1. I am convinced that there should be an objective present.
People usually think of the present as those events which are simultaneous
(where an event is the abstraction of something happening at a point of
space at an instant of time).
The difficulty is that Einstein showed that simultaneity does not give an objective present: observers in relative motion take different sets of events to be simultaneous. However, if we are willing to abandon the tie between the present and simultaneity, Einstein's relativity does allow an objective present.
The clue is to take the present as a fixed set of events, under the condition that an ordinary particle or a ray of light cannot travel between two events in the same present (in other words, the present is spacelike). This was suggested by Nicholas Maxwell in 1985, but priority must go to Fred Hoyle & Geoffrey Hoyle, who discussed essentially the same idea in the preface to their science fiction novel of 1963.
2. Two aspects of time now come into view. I use the relations
earlier-simultaneous-later only for events ordered by clock time, and the
relations past-present-future only for presents and for events ordered by
The aspect of time ordered by 'earlier than' I call chronos, and the aspect ordered by 'past to' I call kairos, using two appropriate Greek words for time. (For precision of expression, the terms before/after are not used here.)
3. Einstein's relativity, which is needed for physics, envisages the total course of events in the world. In order to allow for various possible futures, I assume (adapting the work of John R. Lucasand others) that there is, in the abstract, a single course of events up to the present and many possible courses of events in the future. This gives us many total courses of events, (as in different applications of Einstein's theory).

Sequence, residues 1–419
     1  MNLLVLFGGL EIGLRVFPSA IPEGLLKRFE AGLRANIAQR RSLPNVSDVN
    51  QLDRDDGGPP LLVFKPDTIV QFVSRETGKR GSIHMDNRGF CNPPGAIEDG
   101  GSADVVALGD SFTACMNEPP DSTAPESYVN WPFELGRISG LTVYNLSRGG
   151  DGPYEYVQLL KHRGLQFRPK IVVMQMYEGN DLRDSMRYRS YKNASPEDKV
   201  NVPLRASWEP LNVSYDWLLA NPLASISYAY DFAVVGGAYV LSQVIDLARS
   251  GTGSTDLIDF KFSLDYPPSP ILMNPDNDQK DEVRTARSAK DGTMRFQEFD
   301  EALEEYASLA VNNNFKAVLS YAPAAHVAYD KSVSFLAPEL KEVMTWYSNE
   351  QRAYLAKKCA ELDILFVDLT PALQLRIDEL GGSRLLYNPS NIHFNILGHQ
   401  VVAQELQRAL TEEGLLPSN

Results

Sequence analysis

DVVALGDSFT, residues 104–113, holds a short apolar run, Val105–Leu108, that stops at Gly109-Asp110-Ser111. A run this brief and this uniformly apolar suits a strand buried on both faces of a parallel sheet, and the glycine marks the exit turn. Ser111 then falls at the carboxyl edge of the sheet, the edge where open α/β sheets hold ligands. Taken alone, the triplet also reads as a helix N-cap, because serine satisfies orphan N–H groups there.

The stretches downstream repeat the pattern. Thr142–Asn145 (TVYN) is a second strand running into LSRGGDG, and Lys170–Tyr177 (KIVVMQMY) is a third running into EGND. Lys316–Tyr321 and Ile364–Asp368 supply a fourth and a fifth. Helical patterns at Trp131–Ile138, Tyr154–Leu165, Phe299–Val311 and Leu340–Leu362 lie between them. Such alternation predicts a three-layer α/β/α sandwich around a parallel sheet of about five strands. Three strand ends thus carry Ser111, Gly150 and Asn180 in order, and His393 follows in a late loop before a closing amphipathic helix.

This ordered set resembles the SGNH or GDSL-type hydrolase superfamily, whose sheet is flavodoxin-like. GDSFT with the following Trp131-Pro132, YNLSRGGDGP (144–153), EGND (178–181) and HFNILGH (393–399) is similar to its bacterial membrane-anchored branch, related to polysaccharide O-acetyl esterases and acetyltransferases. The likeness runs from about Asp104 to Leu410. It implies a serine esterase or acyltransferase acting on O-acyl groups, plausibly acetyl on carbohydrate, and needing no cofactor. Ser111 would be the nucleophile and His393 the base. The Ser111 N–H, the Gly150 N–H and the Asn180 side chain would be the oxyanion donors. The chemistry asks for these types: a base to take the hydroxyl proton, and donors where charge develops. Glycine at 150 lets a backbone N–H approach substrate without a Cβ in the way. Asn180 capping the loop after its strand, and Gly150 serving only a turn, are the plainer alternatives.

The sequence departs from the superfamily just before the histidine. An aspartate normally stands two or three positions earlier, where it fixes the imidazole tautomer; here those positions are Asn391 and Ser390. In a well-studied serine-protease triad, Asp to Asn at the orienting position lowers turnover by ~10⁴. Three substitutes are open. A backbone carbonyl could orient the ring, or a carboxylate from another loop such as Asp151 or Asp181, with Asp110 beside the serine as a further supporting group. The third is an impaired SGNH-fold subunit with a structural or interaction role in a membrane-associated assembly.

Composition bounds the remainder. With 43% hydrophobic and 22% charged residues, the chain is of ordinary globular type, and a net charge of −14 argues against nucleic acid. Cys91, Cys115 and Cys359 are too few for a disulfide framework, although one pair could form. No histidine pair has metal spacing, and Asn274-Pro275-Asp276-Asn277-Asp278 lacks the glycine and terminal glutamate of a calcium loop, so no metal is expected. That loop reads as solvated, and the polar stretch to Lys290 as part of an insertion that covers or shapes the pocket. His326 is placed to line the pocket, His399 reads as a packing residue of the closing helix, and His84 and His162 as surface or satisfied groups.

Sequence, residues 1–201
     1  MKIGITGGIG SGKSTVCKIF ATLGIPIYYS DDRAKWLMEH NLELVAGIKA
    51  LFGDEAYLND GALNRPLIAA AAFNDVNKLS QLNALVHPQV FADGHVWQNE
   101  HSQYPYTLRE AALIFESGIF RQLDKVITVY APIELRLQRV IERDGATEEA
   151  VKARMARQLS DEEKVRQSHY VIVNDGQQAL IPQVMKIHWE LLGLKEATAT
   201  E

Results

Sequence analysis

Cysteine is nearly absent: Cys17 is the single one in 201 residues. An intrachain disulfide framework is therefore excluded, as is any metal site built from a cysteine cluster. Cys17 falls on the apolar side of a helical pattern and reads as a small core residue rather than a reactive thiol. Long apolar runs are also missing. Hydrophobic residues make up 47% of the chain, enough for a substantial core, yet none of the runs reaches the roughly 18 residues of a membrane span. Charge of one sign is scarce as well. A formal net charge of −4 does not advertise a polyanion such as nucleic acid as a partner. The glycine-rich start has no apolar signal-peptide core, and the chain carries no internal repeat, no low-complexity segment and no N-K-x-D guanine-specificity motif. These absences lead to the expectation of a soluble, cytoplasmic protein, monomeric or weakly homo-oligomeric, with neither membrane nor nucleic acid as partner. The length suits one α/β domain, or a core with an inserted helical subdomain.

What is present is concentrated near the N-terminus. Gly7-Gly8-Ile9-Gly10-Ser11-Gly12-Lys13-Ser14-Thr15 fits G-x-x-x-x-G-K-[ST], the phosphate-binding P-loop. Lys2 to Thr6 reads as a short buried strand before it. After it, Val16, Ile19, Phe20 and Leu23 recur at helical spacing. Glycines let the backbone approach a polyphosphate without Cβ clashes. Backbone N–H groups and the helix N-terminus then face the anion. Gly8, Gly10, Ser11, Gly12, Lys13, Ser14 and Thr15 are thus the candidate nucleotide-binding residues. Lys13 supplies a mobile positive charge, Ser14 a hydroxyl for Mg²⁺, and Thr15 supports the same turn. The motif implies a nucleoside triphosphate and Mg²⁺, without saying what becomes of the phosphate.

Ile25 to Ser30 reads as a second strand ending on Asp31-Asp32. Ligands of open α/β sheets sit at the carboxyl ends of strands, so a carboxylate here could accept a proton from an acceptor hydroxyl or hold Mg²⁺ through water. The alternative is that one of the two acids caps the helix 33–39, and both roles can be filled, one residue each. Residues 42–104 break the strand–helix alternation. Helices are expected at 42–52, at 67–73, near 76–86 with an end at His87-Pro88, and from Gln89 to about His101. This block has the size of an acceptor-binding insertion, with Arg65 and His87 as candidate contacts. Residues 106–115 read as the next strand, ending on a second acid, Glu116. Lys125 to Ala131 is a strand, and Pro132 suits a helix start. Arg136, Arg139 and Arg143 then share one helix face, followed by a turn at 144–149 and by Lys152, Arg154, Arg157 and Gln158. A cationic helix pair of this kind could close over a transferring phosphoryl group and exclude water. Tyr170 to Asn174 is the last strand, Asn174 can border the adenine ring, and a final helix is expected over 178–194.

4. In Einstein's approach, the course of events is simply set out and we do not have anything to mark the present or its change. To my mind, a model of time is needed in which temporal change actually occurs. Therefore I postulate that change of present takes place by the running of something like a computer program, with a loop like this:
1. Time advances by a small amount. 2. Go to 1.
This simple form needs modifying. 'Time advances' means the present changes
to another present, through all the intermediate presents. This requires a
choice of which possible course of events is followed. The choice reaches the
program by input of the relevant information (see 5. below).
Another point is that the program is to run in kairos, as a form of time outside the physical world.
5. Who makes the input? I postulate that conscious beings have input into the program, as a matter of free will.
6. How does kairos itself change? Again, I postulate that this arises from the activity of conscious beings. One is reminded of a passage in the Indian epic, the Mahâbhârata, where Bhîshma is teaching Yudhishthira about the four periods of time called yugas, which were considered to have very different characters:
Does the time cause the [character of the] king, or the king cause the [character of the] time? You should not doubt that the king is the cause of the [character of the] time! Mahâbhârata, critical edition, 12.70.6
Somewhat similarly, I postulate that change of kairos (which in turn leads to change of chronos) arises from conscious activity, rather than the other way round.
For a detailed exposition of these ideas see A. P. Stone, 'A Program Model of Becoming', Physics Essays 10, 150-163 (1997).
N. Maxwell, Philosophy of Science 52, 23-43 (1985). (back to his suggestion)
F. Hoyle & G. Hoyle, Fifth Planet, p. vii. Heinemann, London, 1963. (back to their suggestion)
J. R. Lucas, The Future, Blackwell, Oxford,
1989. (back to text)
Last updated: 04 January 2005